United States District Court, M.D. Florida, Orlando Division
MICHELLE IRIZARRY; VALERIE WILLIAMS; JOANNE NIXON; JOANN ROBINSON; and BRANDON LETT, Plaintiffs,
ORLANDO UTILITIES COMMISSION; LENNAR CORPORATION; U.S HOME CORPORATION; AVALON PARK GROUP MANAGEMENT, INC.; BEAT KAHLI; LENNAR HOMES LLC; BORAL RESOURCES LLC; and PREFERRED MATERIALS, INC., Defendants.
DALTON, UNITED STATES DISTRICT JUDGE
the Court are two motions to dismiss filed by Defendants
Lennar Corporation, Lennar Homes, LLC and U.S. Home
Corporation (Doc. 50), and Avalon Park Group Management, Inc.
and Beat Kahli (collectively,
"Movants") (Doc. 49). Plaintiffs
oppose. (Docs. 58, 59.) On review, the motions to dismiss are
due to be granted in part and denied in part.
case is a putative class action brought by residents who live
near a power plant and claim its coal operations contaminate
their property. (Doc. 43, ¶ 1.) Plaintiffs seek to
represent a "Class Area" where contaminants from
the "Stanton Power Plant" have been disseminated
and discharged through various ways, including in concrete
and other construction materials used to develop homes and
communities in the Class Area, transporting fly ash, and
batching concrete containing contaminated fly ash at a
concrete manufacturing plant. (Id. ¶ 2.)
Relevant here, Plaintiffs sue the developers and managers of
the residential communities within the Class Area for strict
liability under Florida Statute § 376.313: Defendants
Lennar Corporation, Lennar Homes, LLC, and U.S. Home
Avalon Park Group Management, Inc. ("Avalon") and
its principal, BeatKahli. (Id. ¶¶ 312-43.)
moves to dismiss the Amended Complaint under Federal Rules of
Civil Procedure 12(b)(1) and 12(b)(6), and moves to compel
arbitration of Plaintiff Brandon Litt's claims against
it. (Doc. 50 ("Lennar MTD").) Avalon and Mr. Kahli
move for dismissal under Rule 12(b)(6). (Doc. 49
("Avalon MTD").) In response, Mr. Litt voluntarily
dismissed his claims against Lennar without prejudice (Docs.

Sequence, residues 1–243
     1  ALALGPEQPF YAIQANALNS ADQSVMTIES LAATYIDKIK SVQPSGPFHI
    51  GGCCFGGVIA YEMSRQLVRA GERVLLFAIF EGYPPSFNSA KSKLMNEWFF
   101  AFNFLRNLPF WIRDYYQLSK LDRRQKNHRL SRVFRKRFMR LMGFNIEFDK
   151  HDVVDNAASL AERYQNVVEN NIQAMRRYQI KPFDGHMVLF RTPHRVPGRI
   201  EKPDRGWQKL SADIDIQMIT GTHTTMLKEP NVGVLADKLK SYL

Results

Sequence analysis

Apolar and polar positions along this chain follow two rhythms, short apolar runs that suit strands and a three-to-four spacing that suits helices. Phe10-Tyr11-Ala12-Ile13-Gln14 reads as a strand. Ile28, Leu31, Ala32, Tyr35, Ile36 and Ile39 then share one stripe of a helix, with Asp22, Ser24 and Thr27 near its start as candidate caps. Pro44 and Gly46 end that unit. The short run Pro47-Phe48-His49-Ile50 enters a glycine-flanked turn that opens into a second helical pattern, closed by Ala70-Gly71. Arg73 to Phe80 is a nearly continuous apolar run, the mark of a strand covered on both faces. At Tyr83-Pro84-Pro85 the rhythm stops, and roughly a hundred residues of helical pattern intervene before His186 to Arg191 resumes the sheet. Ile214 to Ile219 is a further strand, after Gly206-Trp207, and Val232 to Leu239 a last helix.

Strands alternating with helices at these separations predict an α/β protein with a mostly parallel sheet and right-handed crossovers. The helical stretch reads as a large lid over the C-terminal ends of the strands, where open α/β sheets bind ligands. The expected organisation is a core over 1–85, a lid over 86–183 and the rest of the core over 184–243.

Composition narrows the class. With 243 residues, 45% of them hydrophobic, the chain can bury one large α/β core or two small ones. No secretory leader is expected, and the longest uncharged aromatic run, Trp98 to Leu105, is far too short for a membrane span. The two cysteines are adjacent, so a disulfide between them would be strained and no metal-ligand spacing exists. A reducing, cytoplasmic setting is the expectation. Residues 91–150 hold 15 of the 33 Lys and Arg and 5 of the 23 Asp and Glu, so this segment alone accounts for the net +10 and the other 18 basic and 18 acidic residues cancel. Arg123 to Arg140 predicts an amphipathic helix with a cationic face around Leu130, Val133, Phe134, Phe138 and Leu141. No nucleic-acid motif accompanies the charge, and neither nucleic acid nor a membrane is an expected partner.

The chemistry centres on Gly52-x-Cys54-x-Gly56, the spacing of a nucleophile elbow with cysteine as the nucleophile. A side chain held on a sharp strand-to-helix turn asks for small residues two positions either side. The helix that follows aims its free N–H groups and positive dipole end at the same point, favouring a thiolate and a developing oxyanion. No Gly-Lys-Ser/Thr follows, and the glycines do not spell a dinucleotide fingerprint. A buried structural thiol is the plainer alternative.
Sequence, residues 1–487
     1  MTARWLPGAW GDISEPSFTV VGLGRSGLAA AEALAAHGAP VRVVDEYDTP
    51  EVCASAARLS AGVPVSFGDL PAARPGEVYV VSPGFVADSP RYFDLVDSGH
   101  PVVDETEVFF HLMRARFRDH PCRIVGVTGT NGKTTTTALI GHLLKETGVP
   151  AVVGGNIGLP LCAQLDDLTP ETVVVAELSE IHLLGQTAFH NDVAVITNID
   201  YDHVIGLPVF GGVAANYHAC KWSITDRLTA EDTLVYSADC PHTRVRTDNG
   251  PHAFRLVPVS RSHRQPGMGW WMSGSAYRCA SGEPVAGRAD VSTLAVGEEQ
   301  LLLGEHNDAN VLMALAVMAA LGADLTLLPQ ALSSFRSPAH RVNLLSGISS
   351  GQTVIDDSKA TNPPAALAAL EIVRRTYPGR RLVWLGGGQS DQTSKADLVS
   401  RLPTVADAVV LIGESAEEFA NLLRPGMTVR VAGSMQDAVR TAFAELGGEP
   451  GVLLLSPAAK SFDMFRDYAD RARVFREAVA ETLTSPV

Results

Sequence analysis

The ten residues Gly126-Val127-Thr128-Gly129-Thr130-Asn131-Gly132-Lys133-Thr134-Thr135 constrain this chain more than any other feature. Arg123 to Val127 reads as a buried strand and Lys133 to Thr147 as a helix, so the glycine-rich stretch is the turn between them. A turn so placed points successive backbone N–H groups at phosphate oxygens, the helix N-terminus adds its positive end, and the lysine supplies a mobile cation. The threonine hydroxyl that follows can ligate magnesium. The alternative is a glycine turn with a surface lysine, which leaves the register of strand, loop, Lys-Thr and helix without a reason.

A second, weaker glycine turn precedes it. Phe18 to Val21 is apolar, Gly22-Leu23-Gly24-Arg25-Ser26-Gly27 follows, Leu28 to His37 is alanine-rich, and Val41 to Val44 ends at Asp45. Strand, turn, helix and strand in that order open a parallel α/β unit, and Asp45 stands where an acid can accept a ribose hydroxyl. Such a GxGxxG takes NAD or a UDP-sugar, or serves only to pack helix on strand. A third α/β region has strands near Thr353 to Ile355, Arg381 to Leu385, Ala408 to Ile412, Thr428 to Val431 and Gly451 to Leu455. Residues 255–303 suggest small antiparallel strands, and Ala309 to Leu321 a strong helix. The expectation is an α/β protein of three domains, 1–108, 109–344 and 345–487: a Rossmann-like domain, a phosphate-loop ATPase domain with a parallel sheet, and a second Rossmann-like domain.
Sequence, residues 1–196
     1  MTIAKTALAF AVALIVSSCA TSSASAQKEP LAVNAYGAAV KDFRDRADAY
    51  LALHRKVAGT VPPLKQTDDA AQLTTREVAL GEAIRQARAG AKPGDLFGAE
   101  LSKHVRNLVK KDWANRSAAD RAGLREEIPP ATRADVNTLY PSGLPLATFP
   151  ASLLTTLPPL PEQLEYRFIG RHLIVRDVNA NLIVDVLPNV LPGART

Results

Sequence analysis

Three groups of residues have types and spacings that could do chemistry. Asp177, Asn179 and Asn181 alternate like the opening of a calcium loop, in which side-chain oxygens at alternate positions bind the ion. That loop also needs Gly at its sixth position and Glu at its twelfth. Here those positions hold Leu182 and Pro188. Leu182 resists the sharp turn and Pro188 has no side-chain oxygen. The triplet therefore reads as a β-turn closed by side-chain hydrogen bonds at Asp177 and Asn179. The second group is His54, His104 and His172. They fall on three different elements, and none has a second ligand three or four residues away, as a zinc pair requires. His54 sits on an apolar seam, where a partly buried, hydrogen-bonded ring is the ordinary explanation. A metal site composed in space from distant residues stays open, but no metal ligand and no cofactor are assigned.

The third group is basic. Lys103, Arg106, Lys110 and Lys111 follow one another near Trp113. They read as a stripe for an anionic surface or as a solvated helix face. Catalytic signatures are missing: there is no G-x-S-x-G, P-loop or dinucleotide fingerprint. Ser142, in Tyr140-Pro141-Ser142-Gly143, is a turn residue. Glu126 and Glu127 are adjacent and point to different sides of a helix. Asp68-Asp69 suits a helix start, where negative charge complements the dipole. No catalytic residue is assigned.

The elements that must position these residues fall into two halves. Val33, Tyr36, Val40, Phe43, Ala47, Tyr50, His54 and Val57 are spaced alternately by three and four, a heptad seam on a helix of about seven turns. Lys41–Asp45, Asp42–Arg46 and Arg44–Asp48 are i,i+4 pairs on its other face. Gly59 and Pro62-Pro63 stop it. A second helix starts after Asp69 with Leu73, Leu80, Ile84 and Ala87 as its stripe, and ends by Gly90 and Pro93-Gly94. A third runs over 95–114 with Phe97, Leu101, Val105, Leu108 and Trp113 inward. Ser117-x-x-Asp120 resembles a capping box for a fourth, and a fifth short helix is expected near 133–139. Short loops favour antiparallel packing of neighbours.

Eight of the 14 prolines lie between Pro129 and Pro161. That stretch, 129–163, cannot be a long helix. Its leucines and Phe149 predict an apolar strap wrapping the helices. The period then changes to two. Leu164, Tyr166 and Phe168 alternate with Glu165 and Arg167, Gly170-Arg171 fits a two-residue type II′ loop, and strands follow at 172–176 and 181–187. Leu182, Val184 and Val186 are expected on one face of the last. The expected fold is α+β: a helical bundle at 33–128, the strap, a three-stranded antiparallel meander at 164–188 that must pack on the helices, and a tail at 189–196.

57, 79), and Plaintiffs responded (Docs. 58, 59). Briefing
complete, the MTDs are ripe.
12(b)(1) attacks on subject matter jurisdiction may be facial
or factual Carmichaelv. Kellogg, Brown & Root Servs.,
Inc., 572 F.3d 1271, 1279 (11th Cir. 2009). For facial
attacks, a court accepts the complaint's allegations as
true. Stalley ex rel. U.S. v. Orlando Reg'l
Healthcare Sys. Inc., 524 F.3d 1229, 1232 (11th Cir.
2008). Factual attacks, in contrast, allow a court "to
consider extrinsic evidence such as deposition testimony and
affidavits." Carmichael, 572 F.3d at 1279.
Factual attacks place the burden on the plaintiff to show
that jurisdiction exists. OSI, Inc. v. United
States, 285 F.3d 947, 951 (11th Cir. 2002).
III, Section 2 of the United States Constitution limits
federal courts' jurisdiction to actual cases and
controversies. Standing is a part of this limitation, as a
"threshold jurisdictional question" that must be
resolved before a court can turn to a claim's merits.
Bochese v. Town of Ponce Inlet, 405 F.3d 964, 974
(11th Cir. 2005). Courts determine standing at the time of
filing. Id. at 976 (citing Focus on the Family
v. Pinellas Suncoast Transit Auth., 344 F.3d 1263, 1275
the minimum pleading requirements of the Federal Rules of
Civil Procedure, plaintiffs must provide short and plain
statements of their claims with simple and direct allegations
set out in numbered paragraphs and distinct counts.
See Fed. R. Civ. P. 8(a), 8(d), & 10(b). If a
complaint does not comport with these minimum pleading
requirements, if it is plainly barred, or if it otherwise
fails to set forth a plausible claim, then it may be
dismissed under Rule 12(b)(6). See Ashcroft v.
Iqbal, 556 U.S. 662, 672, 678-79 (2009) (citing Bell
Atl. Corp. v. Twombly, 550 U.S. 544, 556 (2007)).
claims must be founded on sufficient "factual
content" to allow "the court to draw the reasonable
inference that the defendant is liable for the misconduct
alleged." See Iqbal, 556 U.S. at 679. In
assessing the sufficiency of factual content and the
plausibility of a claim, courts draw on their "judicial
experience and common sense" in considering: (1) the
exhibits attached to the complaint; (2) matters subject to
judicial notice; and (3) documents that are undisputed and
central to a plaintiff's claim. See id:, Reese v.
Ellis, Painter, Ratterree & Adams, LLP, 678 F.3d
1211, 1215-16 (11th Cir. 2012); Parham v. Seattle Serv.
Bureau, Inc., 224 F.Supp.3d 1268, 1271 (M.D. Fla. 2016).
Courts do not consider other matters outside the four corners
of the complaint, and they must: (1) disregard conclusory
allegations, bald legal assertions, and formulaic recitation
of the elements of a claim; (2) accept the truth of well-pled
factual allegations; and (3) view well-pled facts in the
light most favorable to the plaintiff. See Hayes v. U.S.
Bank Nat'l Ass'n, 648 Fed.Appx. 883, 887 (11th
Cir. 2016); Horsley v. Veldt, 304 F.3d 1125,
1134 (11th Cir. 2002).
Court first discusses Lennar's 12(b)(1) argument that
Plaintiffs lack standing. (Doc. 50, pp. 3-5.) The Court then
turns to both 12(b)(6) ...